Another strategy involves use of specific radiolabeled fibril-reactive antibodies as imaging agents. A precedent for this approach has been established utilizing mAb 11-1F4, which recognizes an amyloid fibril-dependent, conformational epitope on immunoglobulin light chains, but is non-reactive with the natively folded molecules. This mAb, when radiolabeled with the positron-emitting isotope I-124, has been shown by PET/CT to image AL amyloid, first in an animal model (Wall et al., 2006a), and then in patients with AL amyloidosis enrolled in a Phase I clinical trial (Wall et al., 2010).

Given the necessity to monitor the presence and biodistribution of AA amyloid in the major target organs of patients with AA amyloidosis, we have developed a series of mAbs, designated 2A4, 7D8, and 8G9, that bind specifically to AA fibrils, but not the normal circulating precursor protein, and have defined the structural basis for their specificity. Notably, these reagents, when radiolabeled with I-125, visualized fibrillar deposits in a transgenic murine model of AA amyloidosis (Solomon et al., 1999), as shown by micro-SPECT imaging. Based on the results of our studies, we posit that these antibodies could be utilized clinically as imaging agents for individuals with AA amyloidosis.

Materials and Methods

Antibodies

Preparation of the immunogen

A peptide containing amino acids 71–75 of murine SAA, with two artificial N-terminal amino acids added for ease of coupling (CGGHEDT), was synthesized by AnaSpec Inc. The peptide was conjugated to sheep anti-mouse IgG using N-[e-Maleimidocaproyloxy]succinimide ester (EMCS) to crosslink the cysteine to the tertiary amines on lysyl residues in the antibody.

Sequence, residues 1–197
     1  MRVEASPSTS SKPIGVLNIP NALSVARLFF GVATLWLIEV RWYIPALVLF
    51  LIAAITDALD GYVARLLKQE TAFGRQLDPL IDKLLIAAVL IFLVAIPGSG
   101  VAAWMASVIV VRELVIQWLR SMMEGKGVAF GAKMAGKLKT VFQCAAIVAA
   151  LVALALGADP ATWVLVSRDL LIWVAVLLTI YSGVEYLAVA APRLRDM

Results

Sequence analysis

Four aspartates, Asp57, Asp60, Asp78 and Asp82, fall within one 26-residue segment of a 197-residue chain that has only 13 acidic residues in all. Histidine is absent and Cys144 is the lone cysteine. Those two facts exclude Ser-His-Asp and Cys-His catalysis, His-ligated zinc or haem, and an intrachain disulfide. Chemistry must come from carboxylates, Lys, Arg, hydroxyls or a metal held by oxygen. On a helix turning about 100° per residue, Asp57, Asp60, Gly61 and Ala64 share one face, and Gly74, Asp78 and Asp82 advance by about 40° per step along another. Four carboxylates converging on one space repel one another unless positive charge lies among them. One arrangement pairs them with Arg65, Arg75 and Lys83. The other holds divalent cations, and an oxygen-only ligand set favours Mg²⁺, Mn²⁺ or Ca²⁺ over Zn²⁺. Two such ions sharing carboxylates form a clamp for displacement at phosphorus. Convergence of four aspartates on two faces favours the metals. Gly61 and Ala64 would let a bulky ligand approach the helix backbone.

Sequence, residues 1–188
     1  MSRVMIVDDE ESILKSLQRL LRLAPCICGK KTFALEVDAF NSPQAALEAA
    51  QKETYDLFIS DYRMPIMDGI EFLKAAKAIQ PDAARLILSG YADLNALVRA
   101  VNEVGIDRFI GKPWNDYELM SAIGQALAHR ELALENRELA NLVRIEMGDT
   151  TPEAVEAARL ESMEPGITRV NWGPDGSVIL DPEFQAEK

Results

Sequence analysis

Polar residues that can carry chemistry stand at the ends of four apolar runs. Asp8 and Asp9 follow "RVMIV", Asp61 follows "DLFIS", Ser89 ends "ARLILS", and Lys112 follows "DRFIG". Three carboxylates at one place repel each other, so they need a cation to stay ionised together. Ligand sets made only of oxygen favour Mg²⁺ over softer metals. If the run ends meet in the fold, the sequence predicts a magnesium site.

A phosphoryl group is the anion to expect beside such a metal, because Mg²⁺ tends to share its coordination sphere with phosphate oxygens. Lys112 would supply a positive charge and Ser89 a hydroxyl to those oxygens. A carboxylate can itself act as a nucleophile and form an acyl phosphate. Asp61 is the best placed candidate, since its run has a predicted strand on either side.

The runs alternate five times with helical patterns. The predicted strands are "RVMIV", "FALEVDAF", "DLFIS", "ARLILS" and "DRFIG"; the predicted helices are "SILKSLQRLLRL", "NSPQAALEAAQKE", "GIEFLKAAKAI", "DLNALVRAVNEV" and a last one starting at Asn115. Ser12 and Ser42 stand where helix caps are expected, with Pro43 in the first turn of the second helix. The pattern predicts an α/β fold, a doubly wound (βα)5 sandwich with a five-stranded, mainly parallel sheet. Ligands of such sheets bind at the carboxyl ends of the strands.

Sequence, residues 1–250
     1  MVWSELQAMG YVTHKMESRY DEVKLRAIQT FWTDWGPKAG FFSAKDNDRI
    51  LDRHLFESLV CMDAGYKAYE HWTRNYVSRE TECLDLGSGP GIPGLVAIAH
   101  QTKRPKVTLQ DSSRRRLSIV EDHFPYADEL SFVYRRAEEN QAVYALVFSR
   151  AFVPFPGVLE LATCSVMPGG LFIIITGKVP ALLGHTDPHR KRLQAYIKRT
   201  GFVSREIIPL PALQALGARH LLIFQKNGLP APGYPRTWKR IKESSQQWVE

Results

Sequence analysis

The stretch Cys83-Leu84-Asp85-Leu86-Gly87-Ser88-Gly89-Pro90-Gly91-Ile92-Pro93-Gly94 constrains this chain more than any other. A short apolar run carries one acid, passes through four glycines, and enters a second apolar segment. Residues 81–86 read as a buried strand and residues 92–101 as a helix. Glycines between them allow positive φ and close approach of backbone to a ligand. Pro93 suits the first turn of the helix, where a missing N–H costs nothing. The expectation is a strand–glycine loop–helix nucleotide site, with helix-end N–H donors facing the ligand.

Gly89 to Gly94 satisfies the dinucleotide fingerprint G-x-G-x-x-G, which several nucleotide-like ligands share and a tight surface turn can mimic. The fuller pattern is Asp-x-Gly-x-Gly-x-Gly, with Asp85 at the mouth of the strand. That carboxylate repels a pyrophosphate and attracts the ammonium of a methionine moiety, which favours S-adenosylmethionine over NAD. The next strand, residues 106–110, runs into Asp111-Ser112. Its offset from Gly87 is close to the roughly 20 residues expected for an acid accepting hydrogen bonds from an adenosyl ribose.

Immunization and fusion

AJ mice (Jackson Labs) were immunized with 50 μg of the peptide conjugate in complete Freund’s adjuvant, followed by boosts 14 and 28 days later with another 50 μg in incomplete Freund’s adjuvant. Animals were bled on day 35, where the anti-peptide titer, as determined by ELISA, was >1/10000. Splenocytes from one such mouse were fused to SP2/0 cells and the resulting hybridomas screened by ELISA for reactivity to the CGGHEDT component, as well as for lack of reactivity to a peptide that included an additional five downstream residues of the murine SAA sequence (GHEDTMADQE). Three hybridomas, 2A4, 7D8, and 8G9, were identified, stabilized, and cloned by three rounds of limiting dilution. Antibodies were generated in ascites and following delipidation were isolated from a 50% (w/v) ammonium sulfate precipitate by centrifugation. The antibody precipitate was dialyzed against PBS and then purified on a Protein G column.

Biotinylation of purified antibodies

Purified antibodies were diluted to 1 mg/ml in PBS and biotinylated using EZ-Link NHS-PEG4-Biotin, No Weigh Format (ThermoFisher Scientific), according to the manufacturer’s specifications, except that the ratio of biotin to antibody was reduced to a 10-fold molar excess.

Murine and Human AA Amyloid

Murine and human AA amyloid extracts were isolated from amyloidotic tissues by a serial flotation procedure, as described previously (Pras et al., 1968). Human AA was kindly provided by Dr. Per Westermark (University of Uppsala, Sweden). All procedures using human-derived materials were approved by the University of Tennessee Institutional Review Board. AA amyloidosis was induced in 8-week-old transgenic H2-Ld-huIL-6 Tg Balb/c (Wall et al., 2008) mice by injection into the lateral tail vein of 100 μl PBS containing 100 μg of a spleen-derived AA extract.

All animal experiments were performed in accordance with Institutional Animal Care and Use Committee-approved protocols.

Immunohistochemistry